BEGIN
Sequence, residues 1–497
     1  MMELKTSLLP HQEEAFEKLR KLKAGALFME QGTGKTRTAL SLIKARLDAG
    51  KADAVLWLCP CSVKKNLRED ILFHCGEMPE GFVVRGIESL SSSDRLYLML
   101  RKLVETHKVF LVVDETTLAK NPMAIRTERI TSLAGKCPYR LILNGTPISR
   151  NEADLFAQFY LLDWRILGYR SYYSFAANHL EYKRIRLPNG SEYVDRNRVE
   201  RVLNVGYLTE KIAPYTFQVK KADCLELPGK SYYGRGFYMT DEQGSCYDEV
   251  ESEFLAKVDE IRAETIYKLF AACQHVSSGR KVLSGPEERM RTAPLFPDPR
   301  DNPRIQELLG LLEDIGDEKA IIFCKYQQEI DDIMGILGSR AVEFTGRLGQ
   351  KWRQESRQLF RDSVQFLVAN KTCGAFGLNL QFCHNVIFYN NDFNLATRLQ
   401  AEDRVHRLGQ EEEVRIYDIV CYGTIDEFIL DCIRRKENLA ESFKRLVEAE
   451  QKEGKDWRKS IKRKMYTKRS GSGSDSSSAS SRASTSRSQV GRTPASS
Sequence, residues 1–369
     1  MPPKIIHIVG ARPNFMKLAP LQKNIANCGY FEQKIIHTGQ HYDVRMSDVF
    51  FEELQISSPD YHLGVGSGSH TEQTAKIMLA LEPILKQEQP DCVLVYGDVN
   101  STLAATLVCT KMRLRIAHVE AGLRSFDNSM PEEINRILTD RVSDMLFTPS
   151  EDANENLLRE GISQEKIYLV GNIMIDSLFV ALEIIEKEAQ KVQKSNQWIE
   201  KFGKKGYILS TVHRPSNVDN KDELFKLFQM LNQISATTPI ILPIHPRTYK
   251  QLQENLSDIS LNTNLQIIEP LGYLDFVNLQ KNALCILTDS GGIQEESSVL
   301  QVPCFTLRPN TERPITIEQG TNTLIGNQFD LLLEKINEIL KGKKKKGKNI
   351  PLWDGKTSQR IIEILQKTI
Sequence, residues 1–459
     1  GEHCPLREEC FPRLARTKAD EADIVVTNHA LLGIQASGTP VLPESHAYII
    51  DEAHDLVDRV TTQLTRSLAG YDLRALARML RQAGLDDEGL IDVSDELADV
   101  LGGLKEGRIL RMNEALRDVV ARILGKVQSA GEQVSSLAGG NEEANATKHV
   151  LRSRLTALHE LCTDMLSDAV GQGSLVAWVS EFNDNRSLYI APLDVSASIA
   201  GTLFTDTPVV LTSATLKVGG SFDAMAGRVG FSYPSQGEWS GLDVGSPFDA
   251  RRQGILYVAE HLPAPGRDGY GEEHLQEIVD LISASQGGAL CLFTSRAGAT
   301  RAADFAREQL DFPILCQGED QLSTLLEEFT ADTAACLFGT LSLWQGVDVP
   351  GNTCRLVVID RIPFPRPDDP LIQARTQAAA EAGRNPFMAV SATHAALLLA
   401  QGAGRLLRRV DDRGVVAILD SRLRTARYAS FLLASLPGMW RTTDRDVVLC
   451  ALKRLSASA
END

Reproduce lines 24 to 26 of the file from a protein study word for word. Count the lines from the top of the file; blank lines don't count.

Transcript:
   101  LGGLKEGRIL RMNEALRDVV ARILGKVQSA GEQVSSLAGG NEEANATKHV
   151  LRSRLTALHE LCTDMLSDAV GQGSLVAWVS EFNDNRSLYI APLDVSASIA
   201  GTLFTDTPVV LTSATLKVGG SFDAMAGRVG FSYPSQGEWS GLDVGSPFDA